A Goddess dedication
Initiate, Sisters in The Goddess Tree
|In Hindu mythology, there is one who is so well
know that she is the deity of six qualities, and be compared to the
Virgin Mary and Kwan Qin in her own way. Lakshmi was the last
deity to come from the churning of the Ocean of Milk. In Sanskrit,
Lakshmi translates to “aim or goal”. She is favored in the home,
specifically by women, however men pray to her also as she is the
mediator for Vishnu, and is said to grant forgiveness on his behalf.
Legend says Vishnu wished for immortality and that the churning of the sea produced Amrit. To achieve this goal, the gods took one side and demons the other in a form of tug of war. Vishnu atop a mountain which was the churning pole and Vasuki the snake was used in much the same way as the bow fire starting tool. This ocean was said to grant immortality to those who drank from it, along with many other celestial objects, thus bringing this great lady Lakshmi and her brother the moon.
Most images of this lady depict her with four arms, representing the four directions of space and the four ends of human life: righteousness, genuine desire, wealth and liberation from birth and death. However, she is the bearer of eighteen arms (although not always depicted so), each holding a sacred item as she rests upon a blooming lotus flower; a string of mala beads, battle axe, mace, arrow, thunderbolt, lotus, bow, water pot, cudgel, lance, sword, shield, conch, bell, wine cup, trident, noose and the discus sudarsana. It is said that her skin varies in colors of pink, gold and white. Pink to depict mother divine, gold meaning universal shakti, and white for earth mother. Lakshmi is said to be mother earth for the material world and energy, but she is also the spirit keeper of the spirit world and energies. She is also believed to be the mother of the universe. She is Vishnu’s power, as she mediates for him to the mortal world. And it is by her compassion that she can be compared to Kwan Qin and the Virgin Mary.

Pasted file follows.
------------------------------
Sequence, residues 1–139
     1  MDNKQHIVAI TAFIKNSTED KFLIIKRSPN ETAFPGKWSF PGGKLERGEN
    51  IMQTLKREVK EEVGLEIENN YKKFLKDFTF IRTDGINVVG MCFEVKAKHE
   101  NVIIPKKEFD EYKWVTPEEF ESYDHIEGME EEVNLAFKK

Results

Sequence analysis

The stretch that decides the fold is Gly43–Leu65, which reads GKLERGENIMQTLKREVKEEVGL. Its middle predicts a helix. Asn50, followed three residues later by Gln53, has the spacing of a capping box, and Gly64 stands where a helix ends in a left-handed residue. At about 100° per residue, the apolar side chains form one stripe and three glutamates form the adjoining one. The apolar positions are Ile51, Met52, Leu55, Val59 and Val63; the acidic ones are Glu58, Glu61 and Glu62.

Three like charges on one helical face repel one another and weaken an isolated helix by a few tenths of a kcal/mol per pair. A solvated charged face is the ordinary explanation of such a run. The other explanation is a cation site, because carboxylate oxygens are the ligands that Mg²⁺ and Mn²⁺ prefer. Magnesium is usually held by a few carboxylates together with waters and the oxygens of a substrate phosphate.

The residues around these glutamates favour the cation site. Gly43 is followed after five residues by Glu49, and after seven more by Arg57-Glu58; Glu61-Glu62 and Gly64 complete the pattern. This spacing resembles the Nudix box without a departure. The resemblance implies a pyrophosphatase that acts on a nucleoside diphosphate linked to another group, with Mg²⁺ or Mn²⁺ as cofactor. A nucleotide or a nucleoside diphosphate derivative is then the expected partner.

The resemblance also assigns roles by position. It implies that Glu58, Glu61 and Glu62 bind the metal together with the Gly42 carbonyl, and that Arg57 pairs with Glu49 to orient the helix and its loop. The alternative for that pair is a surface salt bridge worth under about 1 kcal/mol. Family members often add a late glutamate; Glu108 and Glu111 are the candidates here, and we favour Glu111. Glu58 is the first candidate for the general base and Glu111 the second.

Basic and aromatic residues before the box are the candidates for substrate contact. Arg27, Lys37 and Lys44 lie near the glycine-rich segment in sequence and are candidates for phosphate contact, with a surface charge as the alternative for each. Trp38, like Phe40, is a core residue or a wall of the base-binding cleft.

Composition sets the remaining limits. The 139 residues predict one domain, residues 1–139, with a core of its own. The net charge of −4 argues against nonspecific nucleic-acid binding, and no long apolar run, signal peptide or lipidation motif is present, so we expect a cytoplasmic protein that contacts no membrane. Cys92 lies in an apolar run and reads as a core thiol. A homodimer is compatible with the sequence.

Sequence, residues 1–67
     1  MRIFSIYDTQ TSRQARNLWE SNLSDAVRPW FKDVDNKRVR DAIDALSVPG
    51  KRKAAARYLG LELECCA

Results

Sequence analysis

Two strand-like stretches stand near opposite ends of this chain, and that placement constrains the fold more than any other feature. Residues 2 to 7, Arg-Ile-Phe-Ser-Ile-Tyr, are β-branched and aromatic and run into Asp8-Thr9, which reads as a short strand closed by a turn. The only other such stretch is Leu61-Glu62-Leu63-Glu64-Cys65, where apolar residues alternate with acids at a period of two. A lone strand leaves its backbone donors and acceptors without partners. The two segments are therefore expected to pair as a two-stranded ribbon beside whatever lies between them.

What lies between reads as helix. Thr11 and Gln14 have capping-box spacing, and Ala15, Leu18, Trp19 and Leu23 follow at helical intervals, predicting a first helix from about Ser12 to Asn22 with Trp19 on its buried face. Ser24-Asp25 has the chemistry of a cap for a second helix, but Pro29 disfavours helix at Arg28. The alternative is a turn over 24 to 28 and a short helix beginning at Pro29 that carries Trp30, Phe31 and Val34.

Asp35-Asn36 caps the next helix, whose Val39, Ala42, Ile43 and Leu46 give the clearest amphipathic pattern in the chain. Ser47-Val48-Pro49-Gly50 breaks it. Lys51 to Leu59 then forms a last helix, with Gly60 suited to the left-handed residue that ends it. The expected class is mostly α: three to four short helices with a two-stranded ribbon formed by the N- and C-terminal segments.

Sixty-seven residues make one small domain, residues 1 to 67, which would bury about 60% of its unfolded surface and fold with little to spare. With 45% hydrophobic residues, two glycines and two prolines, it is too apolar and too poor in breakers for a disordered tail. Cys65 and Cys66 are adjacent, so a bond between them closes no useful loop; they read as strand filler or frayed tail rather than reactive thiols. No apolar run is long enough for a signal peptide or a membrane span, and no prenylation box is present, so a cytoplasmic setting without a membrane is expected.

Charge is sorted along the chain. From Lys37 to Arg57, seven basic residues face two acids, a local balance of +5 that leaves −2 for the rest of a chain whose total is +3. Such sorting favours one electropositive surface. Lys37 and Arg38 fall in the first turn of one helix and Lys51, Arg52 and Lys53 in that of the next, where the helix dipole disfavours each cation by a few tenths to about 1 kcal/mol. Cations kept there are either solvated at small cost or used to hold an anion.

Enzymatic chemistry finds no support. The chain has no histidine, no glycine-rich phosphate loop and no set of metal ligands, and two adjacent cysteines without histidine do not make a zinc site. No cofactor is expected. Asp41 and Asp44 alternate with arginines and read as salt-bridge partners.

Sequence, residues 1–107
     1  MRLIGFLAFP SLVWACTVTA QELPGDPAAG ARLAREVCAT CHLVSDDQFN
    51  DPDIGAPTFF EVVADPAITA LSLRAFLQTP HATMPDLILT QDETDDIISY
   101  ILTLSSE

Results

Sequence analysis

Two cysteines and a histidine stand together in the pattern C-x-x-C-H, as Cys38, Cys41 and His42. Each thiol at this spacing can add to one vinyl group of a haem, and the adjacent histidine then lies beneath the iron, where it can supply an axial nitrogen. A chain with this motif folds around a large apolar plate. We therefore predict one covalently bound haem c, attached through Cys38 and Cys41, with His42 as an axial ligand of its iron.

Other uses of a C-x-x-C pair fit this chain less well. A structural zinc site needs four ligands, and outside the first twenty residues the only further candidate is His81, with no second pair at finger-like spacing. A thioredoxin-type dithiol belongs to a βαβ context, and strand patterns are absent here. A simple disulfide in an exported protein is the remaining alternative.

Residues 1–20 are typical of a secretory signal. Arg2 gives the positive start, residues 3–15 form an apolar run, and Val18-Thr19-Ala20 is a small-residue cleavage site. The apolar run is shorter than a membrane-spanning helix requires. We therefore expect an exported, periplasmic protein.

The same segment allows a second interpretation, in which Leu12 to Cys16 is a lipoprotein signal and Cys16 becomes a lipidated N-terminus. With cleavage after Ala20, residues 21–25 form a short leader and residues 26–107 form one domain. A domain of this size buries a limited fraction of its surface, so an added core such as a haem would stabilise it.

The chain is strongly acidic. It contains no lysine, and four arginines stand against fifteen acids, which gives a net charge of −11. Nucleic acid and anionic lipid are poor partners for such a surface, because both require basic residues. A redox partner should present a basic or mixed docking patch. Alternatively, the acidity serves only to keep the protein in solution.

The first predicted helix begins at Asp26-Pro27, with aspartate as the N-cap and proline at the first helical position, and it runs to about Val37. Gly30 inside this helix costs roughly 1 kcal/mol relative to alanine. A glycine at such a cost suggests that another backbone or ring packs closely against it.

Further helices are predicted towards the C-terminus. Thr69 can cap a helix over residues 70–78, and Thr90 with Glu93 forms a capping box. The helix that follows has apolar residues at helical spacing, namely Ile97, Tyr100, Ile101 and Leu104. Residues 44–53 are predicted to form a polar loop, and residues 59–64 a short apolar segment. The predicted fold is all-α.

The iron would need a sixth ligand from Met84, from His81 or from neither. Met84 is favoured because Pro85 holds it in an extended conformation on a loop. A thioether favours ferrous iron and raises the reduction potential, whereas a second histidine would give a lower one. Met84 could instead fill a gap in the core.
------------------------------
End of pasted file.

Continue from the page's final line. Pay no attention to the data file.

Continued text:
A deity so common in the Hindu culture, people look to her for wealth, prosperity in both spiritual and material gains, light, wisdom, fortune, fertility, courage and generosity. And she is said to grant the embodiment of beauty, grace and charm. She is also said to bring good luck and protection to all devotees of hers.
This deity shares many names in the Hindu world, some of them are:
Malahalakshmi, Bhargavi, Prakruti, Vikruti, Vidya, Padma, Kamala, Padmapriya, Padmamaladhara devi, Padmamukhi, Padmakshi, Padmahasta, Padmasundar, Vishnupriya, Ulkavahini, Rama, Indira, Manushri, Chakrika, Kamalika, Lalima, Kalyani, Nandika, Rujula, Vaishnavi, Narayani, Bhargavi, Sridevi, Chanchala, Bhumi Devi, Jalaja, Madhavi, Sujata, Shreya and Aiswarya. She is also referred to as Jaganmaatha ("Mother of the Universe").
To honor the goddess, many Hindu women partake in a fasting ritual that is observed for 16 consecutive days which begins Sept 4 and ends Sept 19, 2011. Each year this date changes following the lunar calendar. During this fast, participants are only allowed to consume fruits, milk and sweets. If one is unable to do all 16 days, they may do three days, marking the first day, the eighth day and the sixteenth day. A good deal of preparation takes place for this fast. A thread is tied on their wrist which has sixteen knots in it. After the sixteenth day, Lakshmi is said to be ready to enter the home and bless one with wealth and abundance.
Lakshmi is worshiped year round but Hindus host the month of October as her month. During Diwali (The festival of Lights) which many honor from mid October to mid November, families light small clay lamps with oil, to signify the end of the battle in their homes for her blessing.
She is often depicted as having pink or coral complexion and donning a robe of vibrant red and gold signifying wealth and abundance. Lakshmi is associated with the herbs Mugwort and Wormwood. She is also said to be associated with the Tulasi Tree which is the tree of life, as well as the bilva tree. Also in depictions she is either noted with an owl in the background or an elephant. She is associated with elephants, owls, the moon, the ocean, coins, rice, holly basil, the lotus flower and water, along with malachite, pink tourmaline and aquamarine. She is said to love the smell of pretty flowers and water, including the fertility of a powerful rain. She is also said to relate to primal elements as well as cow dung and odor.
One of the Hindu/Buddhist traditions is the use of a string of mala. These beads are synonymous with the rosary. This strand of 108 beads plus on anchor bead is used in conjunction with prayers. There is a mantra referred to as Shring or Sring manta. The toning of the words creates a resonance within the body that lines our kundalini up with balance and harmony. Thus making it easier for us to draw things we desire to us. This mantra below, it is said, is used to draw blessings of peace, harmony and prosperity to you. When used twice to three times a day, many claim that it has noticeable effects in one to two weeks. With each bead of the mala string, the mantra is recited; one bead equals one run through of the mantra, until all 108 beads have been recited.
SHRING HRING KLEENG
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